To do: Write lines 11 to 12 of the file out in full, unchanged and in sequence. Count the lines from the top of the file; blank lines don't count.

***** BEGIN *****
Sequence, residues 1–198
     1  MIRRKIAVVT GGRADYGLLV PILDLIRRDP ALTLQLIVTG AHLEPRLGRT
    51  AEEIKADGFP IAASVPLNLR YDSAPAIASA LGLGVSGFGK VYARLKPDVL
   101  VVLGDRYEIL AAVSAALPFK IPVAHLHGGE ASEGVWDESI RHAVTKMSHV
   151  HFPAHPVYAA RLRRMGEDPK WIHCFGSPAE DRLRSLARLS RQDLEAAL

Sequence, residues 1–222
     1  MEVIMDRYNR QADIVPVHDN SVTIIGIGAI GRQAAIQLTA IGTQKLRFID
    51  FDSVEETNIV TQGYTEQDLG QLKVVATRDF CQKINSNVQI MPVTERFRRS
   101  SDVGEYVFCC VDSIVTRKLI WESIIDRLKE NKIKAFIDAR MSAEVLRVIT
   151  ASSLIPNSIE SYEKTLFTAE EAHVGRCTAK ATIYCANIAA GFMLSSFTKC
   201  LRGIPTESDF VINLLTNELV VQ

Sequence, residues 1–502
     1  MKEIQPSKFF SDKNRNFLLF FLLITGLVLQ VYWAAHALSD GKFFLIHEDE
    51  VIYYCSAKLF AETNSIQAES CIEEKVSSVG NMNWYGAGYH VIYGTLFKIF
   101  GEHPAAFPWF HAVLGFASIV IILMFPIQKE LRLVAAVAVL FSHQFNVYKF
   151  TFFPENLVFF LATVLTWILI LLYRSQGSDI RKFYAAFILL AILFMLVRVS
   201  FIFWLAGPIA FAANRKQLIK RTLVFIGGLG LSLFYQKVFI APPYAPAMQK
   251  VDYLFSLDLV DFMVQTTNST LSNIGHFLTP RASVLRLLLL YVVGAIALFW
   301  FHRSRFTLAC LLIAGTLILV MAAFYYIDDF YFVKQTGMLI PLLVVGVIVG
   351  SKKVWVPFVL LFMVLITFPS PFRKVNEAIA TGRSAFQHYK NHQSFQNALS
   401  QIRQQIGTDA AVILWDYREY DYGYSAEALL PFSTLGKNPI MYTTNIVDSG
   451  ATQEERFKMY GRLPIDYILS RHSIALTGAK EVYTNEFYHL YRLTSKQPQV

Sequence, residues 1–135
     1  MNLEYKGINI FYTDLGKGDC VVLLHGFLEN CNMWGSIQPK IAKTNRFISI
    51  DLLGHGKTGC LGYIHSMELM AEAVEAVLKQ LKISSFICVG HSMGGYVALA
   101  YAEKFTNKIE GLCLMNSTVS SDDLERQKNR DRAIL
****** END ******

   201  LRGIPTESDF VINLLTNELV VQ

Sequence, residues 1–502